Grammar Girl Strikes

 

 

Angry Teacher

When I was younger and in my lovely adolescent years, the days were so busy with school that the only time I really had to talk to my family was at the dinner table. I would launch furtively into some story of utmost importance and interest (or at least to my teenage mind), when all of the sudden, my mom would interrupt me. Would she comment? Did she have a pressing question? No, not that. Sadly, she interrupted me just as furtively to correct my grammar. It was extremely annoying. And I am so thankful for it! I have already started doing it to my 8 and 6 year old’s, and I am sure they find it just as taxing. But, hey, paybacks, right? It is working though. I hear some of their friends make grammar mistakes my kids used to make and now they even correct each other.

I will not deny, though, that as with most things in my life, I take the grammar thing and get a little OCD about it. If manners were not more important to me (and thank God they are!), I would even correct people I knew. I correct the newscasters on TV, I correct the DJs on the radio, I correct the journalists in the newspapers (who writes this stuff and where did they go to school??); I correct all the people that can’t hear me and don’t know me, but I really cringe when I hear poor grammar in person. So today, for your viewing pleasure, I am going to list some of the most common grammar faux paus so that you, too, can annoyingly correct your kids and co-workers.

1). I should have got/ran/ate. What?? Really?? This kills me. More to the point, I hang out with lots of runners, and I can’t tell you how many times I have had to cringe and keep my trap shut while I heard this phrase. It should be: I should have gotten, I should have run, and I should have eaten. If you are over 10 and you are still making these mistakes, then go get your junior high grammar books and brush up.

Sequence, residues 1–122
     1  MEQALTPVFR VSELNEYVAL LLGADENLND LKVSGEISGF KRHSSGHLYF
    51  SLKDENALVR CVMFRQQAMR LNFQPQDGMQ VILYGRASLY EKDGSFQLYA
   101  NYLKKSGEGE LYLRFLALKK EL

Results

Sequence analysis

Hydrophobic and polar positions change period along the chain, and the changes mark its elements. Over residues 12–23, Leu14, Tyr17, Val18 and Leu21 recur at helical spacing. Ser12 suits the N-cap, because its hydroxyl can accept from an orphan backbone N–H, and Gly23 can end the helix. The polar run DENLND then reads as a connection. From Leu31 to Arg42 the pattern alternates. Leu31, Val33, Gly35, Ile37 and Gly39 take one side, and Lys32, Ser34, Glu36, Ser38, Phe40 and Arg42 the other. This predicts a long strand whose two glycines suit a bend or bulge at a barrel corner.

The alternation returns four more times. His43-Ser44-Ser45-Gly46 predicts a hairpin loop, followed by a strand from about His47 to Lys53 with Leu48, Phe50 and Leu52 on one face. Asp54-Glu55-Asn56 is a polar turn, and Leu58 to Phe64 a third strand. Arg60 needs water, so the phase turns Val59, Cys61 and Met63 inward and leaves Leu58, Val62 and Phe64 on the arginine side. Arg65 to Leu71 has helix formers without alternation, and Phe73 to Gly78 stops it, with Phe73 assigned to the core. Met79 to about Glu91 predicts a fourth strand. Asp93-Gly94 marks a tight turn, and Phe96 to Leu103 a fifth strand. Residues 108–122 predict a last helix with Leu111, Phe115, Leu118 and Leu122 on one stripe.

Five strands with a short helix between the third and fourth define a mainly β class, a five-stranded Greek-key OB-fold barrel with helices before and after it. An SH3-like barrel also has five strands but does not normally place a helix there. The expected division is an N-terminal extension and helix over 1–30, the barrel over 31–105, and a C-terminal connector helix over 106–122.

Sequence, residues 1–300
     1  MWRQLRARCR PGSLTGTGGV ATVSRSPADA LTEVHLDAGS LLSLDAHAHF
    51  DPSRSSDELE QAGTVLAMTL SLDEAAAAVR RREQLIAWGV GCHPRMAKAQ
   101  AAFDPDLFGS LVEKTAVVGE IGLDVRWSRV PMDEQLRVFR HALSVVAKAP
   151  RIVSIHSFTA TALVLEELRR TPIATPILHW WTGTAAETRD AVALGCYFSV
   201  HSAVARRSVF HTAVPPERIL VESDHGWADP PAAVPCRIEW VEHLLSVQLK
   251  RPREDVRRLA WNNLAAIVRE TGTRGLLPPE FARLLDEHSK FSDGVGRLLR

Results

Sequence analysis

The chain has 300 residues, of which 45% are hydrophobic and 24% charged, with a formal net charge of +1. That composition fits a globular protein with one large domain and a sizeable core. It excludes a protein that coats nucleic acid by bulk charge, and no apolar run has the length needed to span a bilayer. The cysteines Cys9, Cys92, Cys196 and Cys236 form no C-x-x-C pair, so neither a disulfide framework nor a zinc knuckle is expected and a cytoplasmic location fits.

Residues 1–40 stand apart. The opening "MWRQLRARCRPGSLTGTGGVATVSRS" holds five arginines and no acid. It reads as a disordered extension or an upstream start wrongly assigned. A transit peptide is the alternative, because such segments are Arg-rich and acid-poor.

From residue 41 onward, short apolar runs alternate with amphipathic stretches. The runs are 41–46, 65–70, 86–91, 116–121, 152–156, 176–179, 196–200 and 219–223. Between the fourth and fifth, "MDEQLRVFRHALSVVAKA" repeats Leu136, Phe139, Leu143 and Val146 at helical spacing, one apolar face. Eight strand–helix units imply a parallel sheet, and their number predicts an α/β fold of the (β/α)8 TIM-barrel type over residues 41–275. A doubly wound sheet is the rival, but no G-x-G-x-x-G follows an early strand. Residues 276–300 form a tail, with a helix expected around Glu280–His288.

2).  Where’s that at? Oh, the dreaded preposition at the end of a sentence!! Not allowed, sorry. You can say, “where is it?” or “where is your house?” or “where are you located?”, but for the love of all that is good, do not end a sentence with “at.” Or any preposition, really.  You shouldn’t say, “who are you going with?”, but “who is going with you?” or “with whom are you going?” Okay, that may sound a little 18th century for you, and I will totally let that slide, but not the “at” mistakes. It just sounds bad.

3). A lot vs. allot. Okay folks, reality check. A lot is two words, not one, and if it were one, it would be alot, not allot. Allot is a different word meaning to portion or distribute. I see this mistake sooooo often, especially on facebook.

4). They’re vs. their vs. there.Wow, this is a common one. They’re is a contraction for “they are.” For example, “they’re coming to dinner.” Their is a possesive. For example, “It is their couch.” There is a adverb meaning “at or in that place.” For example, “The book is over there.”

5). You’re vs. your. Another one I see on Facebook all the time. You’re is a contraction for “you are.” Your is a possessive used to indicate the person as the possessor or as the recipient of an action. For example, “Your blanket is on the right.” Please, do not write “Your pretty!” It. Drives. Me. Nuts.

6). “Her and Me.” It should be “she and I” or “he and I” or “he and she,” but not “him and me” or “him and I. A good way to remember this is to just turn the sentence around and include only one person. For example, one would say, “I am going to the store,” or “She is going to the store.”  Just a little trick of the trade for you.

7). Accept vs. Except. Accept is a verb meaning “to agree to.” Except is a preposition or a conjunction meaning roughly, “unless” or “if not.” For example, “Allison accepted the birthday invitation.” Or, “The whole class was invited except Paul.”

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About Jessica Grady

Jessica Grady is a Speech Pathologist specializing in Neuro-rehabilitation. She is also the mother of two fabulous boys and loves all things active. Learn more about her here.